Learn The Truth About Three Betting Out Of Position ProfitablyIn previous articles, I’ve outlined several different strategies you can use to widen your three betting range in position, but what should your three betting range look like when you’re out of position?
It’s no surprise that beginners and transitioning NLHE players get confused about three betting out of position.
…the truth is, the airwaves are flooded with conflicting guidelines when it comes to three betting out of position profitably.
Mainstream books and videos simply tell you to “nit it up out of the blinds”, but does that mean your three-betting range should narrow too?
…Which opponent types should you be three-betting?
…Three betting AA** seems standard when I’m in position, but should I always pull the trigger when I’m out of position as well?
…How does stack depth affect hand selection for creating big pots OOP?
These are the most frequently asked questions I get from students. Here in this article, I’ll give you some real strategies to start making money out of position, instead of having to let it slowly bleed out of your stack.
Let’s be clear here…you definitely want to be three-betting a tighter range out of position.
That being said, obviously you still have to adjust your play according to your opponent’s tendencies.
***Now, you know I always say the two of the main goals for three-betting are for isolation and value. (Tweet This)
…this is why I three bet out of the blinds to regain the initiative with hands that I perceive to be ahead of my opponents opening range, not to mention it allows me to play a pot heads up.
This works MUCH better than just calling a late position open because when you call, you will often times induce a call from the big blind as well…which restricts our options and just lands us in a lot of awkward spots postflop when we miss.
Okay, so here’s the deal, when you find yourself in a single raised multi-way pot out of position…
…there are VERY few post-flop scenarios where you will get the the opportunity to outright bluff two other players.
But if you three-bet a hand that’s both ahead of a late position open and has a smooth equity distribution (picks up equity on a high % of flops), you can play quite profitably against opponents who stack off with bad draws, or just surrender too much when you c-bet.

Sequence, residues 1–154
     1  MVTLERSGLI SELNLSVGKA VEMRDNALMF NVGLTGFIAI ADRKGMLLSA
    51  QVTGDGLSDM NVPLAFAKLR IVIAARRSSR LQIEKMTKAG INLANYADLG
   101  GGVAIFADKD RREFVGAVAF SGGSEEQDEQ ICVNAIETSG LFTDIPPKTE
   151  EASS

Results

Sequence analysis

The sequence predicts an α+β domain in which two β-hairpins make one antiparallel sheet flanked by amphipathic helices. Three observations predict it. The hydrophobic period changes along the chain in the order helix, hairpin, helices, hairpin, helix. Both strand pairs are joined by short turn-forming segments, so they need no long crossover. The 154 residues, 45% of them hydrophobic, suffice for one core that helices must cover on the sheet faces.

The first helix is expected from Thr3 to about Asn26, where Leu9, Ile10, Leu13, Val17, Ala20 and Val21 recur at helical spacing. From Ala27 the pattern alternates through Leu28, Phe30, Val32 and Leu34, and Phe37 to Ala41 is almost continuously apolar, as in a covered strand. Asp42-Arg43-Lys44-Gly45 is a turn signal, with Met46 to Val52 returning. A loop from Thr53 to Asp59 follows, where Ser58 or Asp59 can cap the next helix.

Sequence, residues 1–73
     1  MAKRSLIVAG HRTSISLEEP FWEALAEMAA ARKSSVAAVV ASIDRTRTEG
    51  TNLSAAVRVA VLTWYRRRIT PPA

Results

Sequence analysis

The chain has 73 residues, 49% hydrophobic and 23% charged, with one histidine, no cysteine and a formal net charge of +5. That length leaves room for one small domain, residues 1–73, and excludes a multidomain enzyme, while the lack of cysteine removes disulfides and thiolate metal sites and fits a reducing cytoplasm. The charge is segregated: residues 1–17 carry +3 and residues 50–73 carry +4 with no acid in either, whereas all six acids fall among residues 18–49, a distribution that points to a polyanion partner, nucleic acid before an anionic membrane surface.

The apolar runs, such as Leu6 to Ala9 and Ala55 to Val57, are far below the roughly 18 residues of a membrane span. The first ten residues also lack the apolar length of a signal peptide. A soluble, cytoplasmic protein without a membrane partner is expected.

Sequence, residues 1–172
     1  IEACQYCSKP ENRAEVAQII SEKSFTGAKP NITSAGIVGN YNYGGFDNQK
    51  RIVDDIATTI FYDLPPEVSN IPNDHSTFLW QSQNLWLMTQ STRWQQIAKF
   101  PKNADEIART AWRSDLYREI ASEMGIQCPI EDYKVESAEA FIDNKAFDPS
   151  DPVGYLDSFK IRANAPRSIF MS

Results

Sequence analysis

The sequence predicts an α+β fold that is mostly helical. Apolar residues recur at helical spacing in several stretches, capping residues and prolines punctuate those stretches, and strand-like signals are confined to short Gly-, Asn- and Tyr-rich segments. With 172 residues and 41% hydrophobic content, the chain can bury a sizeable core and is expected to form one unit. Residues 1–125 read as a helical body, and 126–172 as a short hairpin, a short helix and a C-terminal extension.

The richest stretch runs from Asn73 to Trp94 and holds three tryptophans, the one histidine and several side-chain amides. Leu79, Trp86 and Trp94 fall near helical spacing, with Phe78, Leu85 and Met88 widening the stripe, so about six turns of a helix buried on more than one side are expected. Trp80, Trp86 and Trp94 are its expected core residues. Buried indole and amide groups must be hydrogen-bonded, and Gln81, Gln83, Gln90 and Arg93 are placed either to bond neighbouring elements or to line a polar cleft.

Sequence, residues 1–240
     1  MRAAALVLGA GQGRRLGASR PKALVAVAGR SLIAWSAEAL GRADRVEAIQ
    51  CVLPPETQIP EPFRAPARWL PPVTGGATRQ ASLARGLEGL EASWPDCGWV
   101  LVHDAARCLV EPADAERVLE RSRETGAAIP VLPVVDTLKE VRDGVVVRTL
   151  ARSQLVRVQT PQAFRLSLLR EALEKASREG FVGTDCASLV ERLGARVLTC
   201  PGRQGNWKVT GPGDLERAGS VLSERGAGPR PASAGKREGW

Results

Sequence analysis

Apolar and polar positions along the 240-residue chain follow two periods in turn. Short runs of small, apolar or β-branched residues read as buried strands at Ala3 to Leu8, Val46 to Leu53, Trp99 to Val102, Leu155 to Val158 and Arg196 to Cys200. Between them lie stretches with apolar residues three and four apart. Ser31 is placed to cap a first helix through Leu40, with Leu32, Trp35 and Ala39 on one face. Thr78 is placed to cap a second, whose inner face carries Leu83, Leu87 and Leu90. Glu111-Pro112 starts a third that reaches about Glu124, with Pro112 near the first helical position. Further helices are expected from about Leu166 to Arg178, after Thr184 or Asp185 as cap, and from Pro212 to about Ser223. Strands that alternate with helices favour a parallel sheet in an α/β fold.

Things change in a big way if you change our hand, the opening ranges of your opponents, and your position at the table.
Check it out…
If I have 9876ds in the SB, I’ll three bet this hand facing a late position open from a loose player almost always because it allows me to play two hands at once. The majority of players will give you credit for AA** or big broadway type cards.
Now, when you c-bet A or K high flops, they usually give you respect and play very straightforwardly (anytime you can force an opponent to play ABC against you is always +EV).
Additionally, your hand is smooth enough that you can bet/call a ton of flops or barrel profitably because you gain equity on a lot number of boards.
Most of the examples I’ve given you here are against late position openers,
…but what about against early position openers?
Should your three-betting range stay the same?
…This depends on your opponent’s range, but for the sake of simplicity, let’s assume that the majority of players have a solid opening range from early position (let’s say 10-15%). Against ranges like this, I like flatting out of the blinds with the aforementioned rundown type hands instead of three betting. This is to avoid getting four-bet, and with the aforementioned hands, I’m not three-betting for value anymore against a solid opening range.
The value in hands like JT87ss and 9876ds is derived MORE from their post-flop playability, and LESS from their raw pre-flop equity,
…so when faced with an early position open from a solid opponent, I prefer seeing some board texture before I continue.
Something else to note is that I’m more likely to three-bet rundowns out of position than I am AA** hands for a couple of reasons.
…I’m definitely auto-three betting the premium Aces against almost any open at nearly any stack depth. This is not based solely on the fact that I have AA**, it’s because it’s equity distribution is smooth enough that I’ll be able to bet/call and barrel a broad range of boards.
***The reason I like flatting my weaker AA** type hands is because similar to other polarized hands (think KK72r), their value increases as the number of opponents and stack depth decreases, particularly out of position, where it’s much better to have a nuts or nothing range in the first place. (Tweet This)
From my experience, I’ve found that regardless of how much you three-bet out of position, players generally identify a significant portion of your range as AA** type hands.
Call me crazy…but in my opinion, telling someone what my hand is, giving them position, AND building a juicy pot for them is probably not going to yield a ton of long term profit against most opponents.
***If you three-bet rundowns, you still get the respect of AA**, but now you have the playability of a rundown to work with. (Tweet This)
Put simply, you essentially get the luxury of playing two hands at once.
In the end, my view of hands that are good candidates for three-betting are…
…those which are ahead of my opponents opening range, pick up equity on a lot of boards, allow me to represent a wide range of hands, and are ahead of my opponents felting range post-flop.
All of these factors enable me to either narrow or widen my three-betting range depending on how fit/fold they play post-flop in three-bet pots. Widening your three-betting range out of position is a recipe for disaster against skilled players, but against weak players it’s good because they make a lot of mistakes, due to the fact that they generally don’t respond to aggression very well.